- Richard I., an Evansville, Indiana man hired an attorney to stop bank proceedings to foreclose on his house. At that time, the house was valued at approximately $100,000, and he had $40,000 remaining on his mortgage – approximately $60,000 of equity existed in the house. The lawyer he hired in Vanderburgh County, Indiana assured the client that he would be able to delay the foreclosure for at least 90 days, and in any event, long enough for the client to sell the home and avoid losing the property through the foreclosure process. Multiple attempts were made to contact the lawyer to confirm the status of the case over a period of months, and the client was only told by his lawyer’s partners that his lawyer “was out on medical leave.” The lawyer returned from “medical leave” and insisted that he also receive $10,000 from the sale of the home that would be additional fee he had earned by putting off the sale of the home.
Shortly after this meeting, a Vanderburgh, Indiana sheriff arrived and informed the homeowner that the home had actually been sold at auction almost three months earlier. At that time, one of the lawyers in the firm advised the homeowner, incorrectly, that he could still repurchase his home simply by paying the amount that was past due on the mortgage, despite the fact the home had already been sold. The client subsequently learned that his lawyer had a “nervous breakdown,” left the firm, and was eventually disbarred from the practice of law.
I was retained to pursue a legal malpractice case against the Evansville, Indiana lawyer and his firm which had committed several acts of both legal negligence and ethical violations. After many months of litigation, the case was settled before trial for a confidential amount.
- Beverly C. was one of the most complicated legal malpractice cases I ever handled involved a New Albany, Indiana lawyer that pursued a wrongful death claim on behalf of three surviving children. The children’s father was killed by a drunk driver, and the driver had become intoxicated at a casino in Southern Indiana prior to getting behind the wheel to drive. The drunk driver crossed over the center line, striking two vehicles, and killing the children’s father.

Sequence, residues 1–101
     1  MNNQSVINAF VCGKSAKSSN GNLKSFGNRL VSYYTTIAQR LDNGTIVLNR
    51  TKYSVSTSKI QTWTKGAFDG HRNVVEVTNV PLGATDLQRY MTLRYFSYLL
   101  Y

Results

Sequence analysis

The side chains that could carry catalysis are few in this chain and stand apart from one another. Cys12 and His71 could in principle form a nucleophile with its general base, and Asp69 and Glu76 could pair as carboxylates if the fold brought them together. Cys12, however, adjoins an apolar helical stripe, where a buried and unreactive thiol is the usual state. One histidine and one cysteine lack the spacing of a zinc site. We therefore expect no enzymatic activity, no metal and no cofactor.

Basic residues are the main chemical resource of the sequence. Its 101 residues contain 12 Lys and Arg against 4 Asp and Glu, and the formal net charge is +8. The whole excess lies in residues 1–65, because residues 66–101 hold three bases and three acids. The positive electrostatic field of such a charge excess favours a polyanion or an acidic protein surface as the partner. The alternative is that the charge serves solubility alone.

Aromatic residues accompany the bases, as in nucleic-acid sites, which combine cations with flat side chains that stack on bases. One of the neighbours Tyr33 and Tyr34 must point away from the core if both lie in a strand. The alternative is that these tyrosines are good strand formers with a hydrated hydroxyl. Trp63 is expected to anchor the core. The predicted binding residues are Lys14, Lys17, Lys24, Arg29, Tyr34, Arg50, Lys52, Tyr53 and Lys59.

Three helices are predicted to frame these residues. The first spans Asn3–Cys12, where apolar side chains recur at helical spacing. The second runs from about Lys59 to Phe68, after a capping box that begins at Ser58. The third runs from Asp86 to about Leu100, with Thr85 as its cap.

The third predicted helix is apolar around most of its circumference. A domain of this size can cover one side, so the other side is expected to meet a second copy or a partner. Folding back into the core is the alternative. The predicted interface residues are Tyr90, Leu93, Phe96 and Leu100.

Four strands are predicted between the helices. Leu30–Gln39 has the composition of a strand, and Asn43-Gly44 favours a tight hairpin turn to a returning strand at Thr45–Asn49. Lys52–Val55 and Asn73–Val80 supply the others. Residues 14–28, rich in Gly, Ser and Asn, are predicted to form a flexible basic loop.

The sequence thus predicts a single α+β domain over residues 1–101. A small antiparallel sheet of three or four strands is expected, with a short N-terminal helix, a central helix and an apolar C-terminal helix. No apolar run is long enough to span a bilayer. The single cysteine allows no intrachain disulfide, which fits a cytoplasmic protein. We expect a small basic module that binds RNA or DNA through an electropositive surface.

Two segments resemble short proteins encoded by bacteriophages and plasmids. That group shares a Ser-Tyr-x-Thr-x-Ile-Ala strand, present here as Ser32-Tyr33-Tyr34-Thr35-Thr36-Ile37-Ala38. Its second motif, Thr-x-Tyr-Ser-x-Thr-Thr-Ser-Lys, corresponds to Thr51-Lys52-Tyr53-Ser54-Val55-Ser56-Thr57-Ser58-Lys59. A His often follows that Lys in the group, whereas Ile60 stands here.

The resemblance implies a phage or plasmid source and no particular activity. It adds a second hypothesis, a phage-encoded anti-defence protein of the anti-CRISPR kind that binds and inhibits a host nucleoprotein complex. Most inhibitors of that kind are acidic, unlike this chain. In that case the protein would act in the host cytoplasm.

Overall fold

The children pursued a wrongful death claim for their father against the drunk driver and also a dram shop case against the casino. A dram shop case is one where the plaintiff attempts to show that a business is negligent by over serving a patron and allowing the patron to drive away from the establishment when the business knows, or should know, that its conduct in serving the patron has caused the patron to become a potentially dangerous or lethal driver. Claims against the drunk driver and casino included destruction of power to labor and earn, pain and suffering, medical bills, and funeral expenses.
The lawsuit was initially filed in Floyd County, Indiana, but it was subsequently dismissed and refiled in a different jurisdiction in order to benefit from perceived more favorable laws. Unfortunately, when the case was refiled, it was after the statute of limitations was past, and the children were left without a remedy against the casino due to the untimely filing of the lawsuit. At the time the lawsuit was dismissed by the Court, there was a pending offer of settlement from the casino in the amount of $55,000.00.
I was retained by the children to pursue a legal malpractice case against their former lawyer for failing to timely file the lawsuit against the dram shop, or in the alternative, for dismissing the lawsuit against the casino in the other jurisdiction, without determining that the second lawsuit was timely. The case settled shortly after a mediation and prior to the children having to sue their former lawyer.